Living in Winnipeg, Manitoba
Winnipeg is the capital city of Manitoba and the largest city in the province. Over the past decade the Manitoba Provincial Nominee Program brought to Canada immigrants in record numbers and Winnipeg became home to more than 60,000 newcomers.
The strong population growth boosted Winnipeg’s economy, which was recently rated the third-fastest growing economy among Canada’s major cities. Being one of the Canadian cities that offer most affordable housing, Winnipeg continues to attract immigrants from around the globe.
Winnipeg is one of the sunniest cities in Canada. However, clear skies don’t necessary mean warm weather. Manitoba’s capital experiences very cold and windy winters, which last from November to March. The average snow depth in January is 20 cm and the temperatures are between -22.8°C and -12.7°C. Extremes are not unusual. The lowest recorded temperature was in -45°C in February 1966. Strong winds can make winter temperatures feel even colder than the actual temperatures. Wind chill is the index to indicate how cold the weather feels to the average person. In Winnipeg there are about 49 days a year with wind chill of -30°C or less. The coldest wind chill was -57.1°C in January 1996.
Summers are from May to August. Temperatures in July are usually between 19.5°C and 25.5°C. The highest temperature recorded in summer was 40.6°C in 1949. The city is hit by thunderstorms and sometimes tornadoes in springs and summers.
Winnipeg is threatened by severe flooding (such as the Red River Flood of 1997) because of its flat topography and the melting snow.
Winnipeg Transit provides the public bus service in the city. It operates 84 fixed routes. The buses run usually from 6 a.m. until pass midnight. You can find system maps and timetables at the Transit Administration Office (B-414 Osborne Street), the Millennium Library (251 Donald Street) and Winnipeg Square Service Centre (SW Concourse Portage and Main). Also, Winnipeg Transit’s web site offers a trip planner where you can type your location and find out how to get to your destination. For transit fares click here.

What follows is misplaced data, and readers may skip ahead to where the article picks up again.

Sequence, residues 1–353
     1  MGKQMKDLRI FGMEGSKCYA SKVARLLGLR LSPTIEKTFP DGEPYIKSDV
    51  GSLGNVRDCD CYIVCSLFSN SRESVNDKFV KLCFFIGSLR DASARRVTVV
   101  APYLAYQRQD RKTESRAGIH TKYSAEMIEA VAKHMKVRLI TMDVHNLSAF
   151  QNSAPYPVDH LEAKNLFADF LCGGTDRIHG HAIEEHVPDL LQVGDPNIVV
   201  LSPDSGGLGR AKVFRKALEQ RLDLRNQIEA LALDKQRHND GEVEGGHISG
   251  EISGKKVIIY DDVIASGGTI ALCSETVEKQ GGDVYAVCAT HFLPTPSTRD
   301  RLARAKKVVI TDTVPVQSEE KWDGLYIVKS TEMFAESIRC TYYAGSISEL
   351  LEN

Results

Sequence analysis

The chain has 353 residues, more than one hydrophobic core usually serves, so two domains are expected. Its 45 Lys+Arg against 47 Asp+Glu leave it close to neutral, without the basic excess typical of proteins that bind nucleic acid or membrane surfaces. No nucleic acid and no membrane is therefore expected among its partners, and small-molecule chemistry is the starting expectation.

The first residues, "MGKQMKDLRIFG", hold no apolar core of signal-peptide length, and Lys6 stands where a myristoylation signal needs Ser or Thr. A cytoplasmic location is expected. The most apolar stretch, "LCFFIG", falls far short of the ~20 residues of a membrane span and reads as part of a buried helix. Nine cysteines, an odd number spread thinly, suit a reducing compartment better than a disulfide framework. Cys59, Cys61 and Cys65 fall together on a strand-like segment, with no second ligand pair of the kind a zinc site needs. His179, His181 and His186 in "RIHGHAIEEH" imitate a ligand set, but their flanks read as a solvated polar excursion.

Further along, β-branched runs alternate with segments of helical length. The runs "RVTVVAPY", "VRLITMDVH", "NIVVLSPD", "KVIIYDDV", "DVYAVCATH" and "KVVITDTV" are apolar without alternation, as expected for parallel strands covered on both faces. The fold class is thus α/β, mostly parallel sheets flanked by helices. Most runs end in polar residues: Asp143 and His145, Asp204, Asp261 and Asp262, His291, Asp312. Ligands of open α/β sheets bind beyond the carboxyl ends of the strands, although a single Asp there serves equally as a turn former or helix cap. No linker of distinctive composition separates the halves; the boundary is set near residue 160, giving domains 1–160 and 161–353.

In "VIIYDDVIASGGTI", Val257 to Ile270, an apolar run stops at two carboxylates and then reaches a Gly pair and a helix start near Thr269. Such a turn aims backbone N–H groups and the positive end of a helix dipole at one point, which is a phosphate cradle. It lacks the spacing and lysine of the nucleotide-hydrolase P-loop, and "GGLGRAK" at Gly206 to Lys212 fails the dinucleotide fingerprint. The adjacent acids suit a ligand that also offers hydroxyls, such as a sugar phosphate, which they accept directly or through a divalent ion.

Places of worship
Christians make about 72 per cent of Winnipeg’s population. For a list of churches in the city click here.
Followers of Judaism can visit Shaarey Zedek Synagogue, which is a centre for Conservative Judaism.
The Ahmadiyya Centre Mosque, located at 525 Kylemore Avenue, is part of The Ahmadiyya Muslim Community.
Pre-arrival settlement and employment services in Manitoba
City Size and Population (Society)
The population of Winnipeg is 700,000. The highest per cent of Winnipeggers are of European descent (English, Scottish, German and others). 10,2 per cent of the population is Aboriginal, which makes Winnipeg the city with the greatest number of Aboriginal people in Canada.
After years of no population growth in the 1990s and even a net loss of 4,600 people in 1996, over the past decade there was a strong population growth and the city became home to more than 60,000 new residents. What highly contributed to this growth was the Manitoba Provincial Nominee Program that attracted immigrants in record numbers. For 2010 the top five professions received in Manitoba were industrial butcher, health professional, welder, truck driver and accounting and other types of clerks. The greatest number of newcomers came from the Philippines and Winnipeg became the city with the highest Filipino population percentage among municipalities in Canada. There is a significant number of immigrants from India and China as well.
Winnipeg’s economy is rated the third-fastest growing economy among Canada’s major cities. It is also one the country’s most diversified economies. Key sectors include advanced manufacturing, financial services, aerospace, agribusiness, transportation and distribution, information technology, furniture and apparel industries, life sciences and others.
The manufacturing sector ranges from food and beverage to farm equipment, buses, steel products, electrical components, aerospace components, chemicals, plastic and more. Winnipeg is the location of the Royal Canadian Mint – the plant where all Canada’s circulating coinage is produced. The Mint also manufactures coins for other countries, as well as medals, gold, silver, palladium and platinum bullion coins.
The financial service sector is one of the largest in country and the headquarters for some of Canadian biggest insurance companies and investment firms are located in Winnipeg. Due to the strong population growth over the past decade and the increased demand for housing, there is a building and real estate boom.